From Abigail: That fantastic introduction was written by @katreeeena. Keep an eye out for this week’s email, which will have all the details of our interactive activity this week- hint: it is based in Facebook, but will probably slide over into Twitter as well!

This post is a remix of Thing 5.

Weekly Wrap-Up Post: Week 4

2 Jun

thing 4: Maps and Checking In by Stephanie McGlinchey (@stephmcg)

It has been an interesting week checking out and checking into Foursquare, Facebook and Geocaching- and by interesting I mean that rather there have been quite a few questions raised in blogs and reflections about the value of foursquare, both personally and for the organisation.

The #anz23mthings hashtag has been abuzz with with #blogjune and tips and advice on other subjects as well, which has made for a full week of tweets and conversations to look at!

It’s been fun seeing people checking in and gaining mayorships of venues

  • @ajwillemse91 Just became the mayor of Batcave on @foursquare! Crown me! #Anz23mthings
  • @ajwillemse91 Unlocked the “Local” badge! #Anz23mthings
  • @sallysetsforth Just popped out to return some library books & pick up some takeaway – and scored two new FourSquare mayorships! 🙂 #anz23mthings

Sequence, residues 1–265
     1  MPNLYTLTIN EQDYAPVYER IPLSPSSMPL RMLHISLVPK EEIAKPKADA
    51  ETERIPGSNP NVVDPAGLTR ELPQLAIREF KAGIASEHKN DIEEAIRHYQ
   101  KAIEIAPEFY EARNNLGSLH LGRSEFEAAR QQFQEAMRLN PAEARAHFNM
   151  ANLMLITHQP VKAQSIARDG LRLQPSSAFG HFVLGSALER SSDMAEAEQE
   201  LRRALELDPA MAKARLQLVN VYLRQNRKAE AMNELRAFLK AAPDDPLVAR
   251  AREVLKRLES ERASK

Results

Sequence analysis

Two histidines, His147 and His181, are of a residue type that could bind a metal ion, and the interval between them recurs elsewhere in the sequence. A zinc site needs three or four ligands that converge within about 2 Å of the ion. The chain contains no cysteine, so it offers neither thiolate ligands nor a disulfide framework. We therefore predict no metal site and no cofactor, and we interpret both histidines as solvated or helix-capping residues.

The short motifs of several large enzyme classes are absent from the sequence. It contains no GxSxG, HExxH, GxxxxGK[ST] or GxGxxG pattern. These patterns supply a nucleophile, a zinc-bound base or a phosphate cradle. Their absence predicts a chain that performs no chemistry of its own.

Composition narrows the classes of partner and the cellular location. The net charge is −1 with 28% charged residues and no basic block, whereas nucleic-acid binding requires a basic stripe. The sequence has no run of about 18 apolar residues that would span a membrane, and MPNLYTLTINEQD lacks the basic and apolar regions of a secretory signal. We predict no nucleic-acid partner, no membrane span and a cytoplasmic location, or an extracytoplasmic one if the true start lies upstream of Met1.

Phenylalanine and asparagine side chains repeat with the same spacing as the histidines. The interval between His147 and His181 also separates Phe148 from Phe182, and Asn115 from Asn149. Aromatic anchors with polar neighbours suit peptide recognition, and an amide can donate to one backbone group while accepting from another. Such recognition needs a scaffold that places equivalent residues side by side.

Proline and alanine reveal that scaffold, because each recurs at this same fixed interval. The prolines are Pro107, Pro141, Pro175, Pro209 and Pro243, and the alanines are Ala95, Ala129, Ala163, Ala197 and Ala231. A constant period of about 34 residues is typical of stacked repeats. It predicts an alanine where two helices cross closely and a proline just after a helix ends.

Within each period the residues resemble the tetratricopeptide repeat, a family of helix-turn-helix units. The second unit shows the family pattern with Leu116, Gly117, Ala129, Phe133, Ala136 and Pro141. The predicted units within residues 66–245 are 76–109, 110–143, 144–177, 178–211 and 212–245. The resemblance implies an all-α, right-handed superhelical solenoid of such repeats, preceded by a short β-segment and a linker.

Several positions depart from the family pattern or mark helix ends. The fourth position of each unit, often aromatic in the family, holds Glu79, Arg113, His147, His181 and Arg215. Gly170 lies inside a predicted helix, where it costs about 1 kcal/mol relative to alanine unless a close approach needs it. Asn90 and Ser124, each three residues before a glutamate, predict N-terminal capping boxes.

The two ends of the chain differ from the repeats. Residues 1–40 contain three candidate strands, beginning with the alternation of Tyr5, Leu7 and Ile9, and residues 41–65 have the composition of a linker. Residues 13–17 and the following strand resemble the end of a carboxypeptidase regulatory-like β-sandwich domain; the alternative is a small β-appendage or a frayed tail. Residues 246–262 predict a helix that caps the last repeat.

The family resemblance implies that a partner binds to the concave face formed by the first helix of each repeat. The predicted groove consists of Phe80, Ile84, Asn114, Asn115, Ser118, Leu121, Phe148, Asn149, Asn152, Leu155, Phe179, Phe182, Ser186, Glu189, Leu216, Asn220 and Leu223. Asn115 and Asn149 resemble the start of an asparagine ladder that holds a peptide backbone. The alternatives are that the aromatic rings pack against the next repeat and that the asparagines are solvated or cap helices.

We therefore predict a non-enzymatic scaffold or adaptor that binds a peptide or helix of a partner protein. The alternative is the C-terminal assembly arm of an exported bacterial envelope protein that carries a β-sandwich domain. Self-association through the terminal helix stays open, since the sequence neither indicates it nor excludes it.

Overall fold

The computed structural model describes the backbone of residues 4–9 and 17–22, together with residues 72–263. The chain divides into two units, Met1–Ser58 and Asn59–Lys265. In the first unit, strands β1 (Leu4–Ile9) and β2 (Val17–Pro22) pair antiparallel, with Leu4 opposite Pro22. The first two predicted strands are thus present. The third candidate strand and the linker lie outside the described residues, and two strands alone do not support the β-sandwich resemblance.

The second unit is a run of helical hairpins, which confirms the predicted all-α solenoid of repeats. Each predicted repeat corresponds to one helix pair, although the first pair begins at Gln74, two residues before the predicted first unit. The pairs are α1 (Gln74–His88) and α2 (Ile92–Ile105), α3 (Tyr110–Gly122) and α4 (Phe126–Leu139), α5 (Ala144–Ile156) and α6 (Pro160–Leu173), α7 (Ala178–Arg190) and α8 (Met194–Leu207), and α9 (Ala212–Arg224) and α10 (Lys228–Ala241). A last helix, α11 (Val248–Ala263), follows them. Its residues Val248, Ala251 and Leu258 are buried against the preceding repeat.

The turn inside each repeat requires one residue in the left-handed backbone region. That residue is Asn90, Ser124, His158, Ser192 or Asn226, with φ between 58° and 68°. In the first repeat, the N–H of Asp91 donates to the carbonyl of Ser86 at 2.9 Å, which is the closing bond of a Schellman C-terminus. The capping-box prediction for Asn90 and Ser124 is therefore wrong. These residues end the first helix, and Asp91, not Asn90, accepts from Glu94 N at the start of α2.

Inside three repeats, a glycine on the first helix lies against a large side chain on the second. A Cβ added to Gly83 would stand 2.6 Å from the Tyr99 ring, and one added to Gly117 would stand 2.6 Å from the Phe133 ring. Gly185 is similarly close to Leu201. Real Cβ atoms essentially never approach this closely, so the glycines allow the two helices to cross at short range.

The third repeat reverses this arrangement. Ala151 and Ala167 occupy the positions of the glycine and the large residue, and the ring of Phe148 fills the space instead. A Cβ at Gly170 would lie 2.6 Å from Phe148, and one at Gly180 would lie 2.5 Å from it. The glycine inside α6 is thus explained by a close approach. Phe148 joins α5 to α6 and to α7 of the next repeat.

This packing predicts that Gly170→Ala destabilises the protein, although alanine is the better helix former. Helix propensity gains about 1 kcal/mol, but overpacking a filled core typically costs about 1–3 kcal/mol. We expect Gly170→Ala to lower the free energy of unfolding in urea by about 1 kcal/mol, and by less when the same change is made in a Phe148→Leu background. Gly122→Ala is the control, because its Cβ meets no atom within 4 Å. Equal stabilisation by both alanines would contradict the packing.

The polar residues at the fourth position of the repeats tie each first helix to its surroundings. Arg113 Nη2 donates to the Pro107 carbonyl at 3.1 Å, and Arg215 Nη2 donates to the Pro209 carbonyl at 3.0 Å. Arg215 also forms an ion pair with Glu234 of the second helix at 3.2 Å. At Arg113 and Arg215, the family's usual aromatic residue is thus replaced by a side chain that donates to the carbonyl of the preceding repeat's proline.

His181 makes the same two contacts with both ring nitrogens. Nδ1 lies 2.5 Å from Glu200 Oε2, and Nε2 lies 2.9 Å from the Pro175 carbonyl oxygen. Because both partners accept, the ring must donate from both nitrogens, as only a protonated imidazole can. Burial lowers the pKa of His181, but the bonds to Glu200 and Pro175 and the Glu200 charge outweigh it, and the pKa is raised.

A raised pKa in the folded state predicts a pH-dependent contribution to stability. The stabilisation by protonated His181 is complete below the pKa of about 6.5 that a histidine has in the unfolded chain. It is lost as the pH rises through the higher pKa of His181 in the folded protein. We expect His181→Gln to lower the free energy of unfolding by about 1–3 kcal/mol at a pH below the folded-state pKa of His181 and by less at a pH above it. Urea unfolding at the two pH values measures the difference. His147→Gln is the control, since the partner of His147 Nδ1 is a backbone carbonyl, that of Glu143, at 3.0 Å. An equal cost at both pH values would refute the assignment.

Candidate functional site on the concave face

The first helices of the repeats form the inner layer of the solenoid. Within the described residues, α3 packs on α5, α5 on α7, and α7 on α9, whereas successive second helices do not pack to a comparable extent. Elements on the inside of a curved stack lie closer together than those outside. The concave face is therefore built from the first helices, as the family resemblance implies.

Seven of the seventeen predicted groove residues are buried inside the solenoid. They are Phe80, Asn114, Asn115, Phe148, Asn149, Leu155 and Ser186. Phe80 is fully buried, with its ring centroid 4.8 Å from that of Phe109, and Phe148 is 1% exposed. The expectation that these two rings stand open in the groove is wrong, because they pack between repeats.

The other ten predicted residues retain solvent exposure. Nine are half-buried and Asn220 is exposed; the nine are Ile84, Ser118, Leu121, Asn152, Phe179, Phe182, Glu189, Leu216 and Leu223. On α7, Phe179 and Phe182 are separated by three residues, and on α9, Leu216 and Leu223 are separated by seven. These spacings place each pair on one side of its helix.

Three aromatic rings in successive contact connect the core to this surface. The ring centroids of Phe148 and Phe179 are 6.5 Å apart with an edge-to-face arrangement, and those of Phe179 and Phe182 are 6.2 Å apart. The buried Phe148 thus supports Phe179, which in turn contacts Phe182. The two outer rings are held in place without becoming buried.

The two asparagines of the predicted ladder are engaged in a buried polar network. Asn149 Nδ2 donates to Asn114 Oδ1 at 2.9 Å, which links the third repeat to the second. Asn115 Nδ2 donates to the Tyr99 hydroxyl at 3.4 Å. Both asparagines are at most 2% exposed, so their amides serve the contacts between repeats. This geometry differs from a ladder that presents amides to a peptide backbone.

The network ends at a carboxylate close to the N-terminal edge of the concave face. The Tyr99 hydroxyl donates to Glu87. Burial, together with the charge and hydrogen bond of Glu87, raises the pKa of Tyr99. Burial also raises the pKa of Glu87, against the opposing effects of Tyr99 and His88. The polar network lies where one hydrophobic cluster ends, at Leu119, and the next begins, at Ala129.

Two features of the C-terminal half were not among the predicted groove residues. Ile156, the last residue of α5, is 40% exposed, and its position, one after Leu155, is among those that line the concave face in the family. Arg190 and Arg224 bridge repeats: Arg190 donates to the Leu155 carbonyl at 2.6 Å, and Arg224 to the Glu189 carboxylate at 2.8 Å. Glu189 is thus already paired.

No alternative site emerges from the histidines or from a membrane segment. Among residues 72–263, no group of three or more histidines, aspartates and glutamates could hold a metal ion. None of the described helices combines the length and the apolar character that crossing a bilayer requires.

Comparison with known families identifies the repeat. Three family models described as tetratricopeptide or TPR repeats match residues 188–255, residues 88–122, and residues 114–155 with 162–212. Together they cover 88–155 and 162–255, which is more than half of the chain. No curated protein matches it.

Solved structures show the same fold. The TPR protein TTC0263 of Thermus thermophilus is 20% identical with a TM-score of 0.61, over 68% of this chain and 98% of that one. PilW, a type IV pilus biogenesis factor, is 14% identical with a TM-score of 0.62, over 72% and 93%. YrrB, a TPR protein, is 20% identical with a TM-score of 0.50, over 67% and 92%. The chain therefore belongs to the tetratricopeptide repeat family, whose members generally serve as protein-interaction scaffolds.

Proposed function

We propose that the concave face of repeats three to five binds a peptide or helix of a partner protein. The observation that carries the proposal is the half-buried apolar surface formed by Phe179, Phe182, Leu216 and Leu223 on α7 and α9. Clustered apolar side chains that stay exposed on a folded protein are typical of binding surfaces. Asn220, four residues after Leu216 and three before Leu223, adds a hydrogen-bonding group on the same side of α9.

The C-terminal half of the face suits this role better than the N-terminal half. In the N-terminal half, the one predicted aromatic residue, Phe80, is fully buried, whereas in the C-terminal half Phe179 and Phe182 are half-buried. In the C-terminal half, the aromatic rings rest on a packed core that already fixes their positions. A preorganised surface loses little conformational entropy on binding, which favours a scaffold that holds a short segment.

And other people using other checking in tools

  • @SarahLibrarina Visiting the animals at Williwbank #happyplace #anz23mthings (at Willowbank Wildlife Reserve) [pic] —

Cathy is grateful for Maps this week

  • @ironshush 2hrs till I leave for Toodyay #knittingretreat – better find out how to get there! thank goodness this week was maps for #anz23mthings

Links shared on Twitter

Foursquare gets a big check– shared by @aquidity

4sqwifi– shared by @stephmcg


Cath (@KiwiLibrarian) speaks of the implications of an organisation becoming involved in foursquare

Sharon (@sharonu) reflects on using foursquare in a community where smartphones don’t have the penetration as other cities and wonders if it’s the right fit for her library

Heather (@hbailie) wonders about the safety of telling everyone via Twitter whether or not you’re at home by checking in.

Con (@flexnib) Joined up and discovered the benefits of having friends already there

Katrina (@katreeeena) Advises on the using Twitter to promote her checkins only when it is an interesting place that invites discussion

Anne (@polyxena) Spoke of her reliance on Google Maps, and her decision to be unplugged when it came to checking in to a venue.

Renee (@stokesrenee) Explored geocaching with mixed results!

Karen (@karentoittoit) is a big fan of foursquare and Google maps.

Abigail (ajwillemse91) had fun experimenting with foursquare, but not sure if she will keep it up.

Final thoughts

I have really enjoyed how people are critiquing apps and consciously deciding whether or not it is appropriate for them. Con raised the issue yesterday of being unplugged (as part of #blogjune), which has made me wonder can you be too plugged in?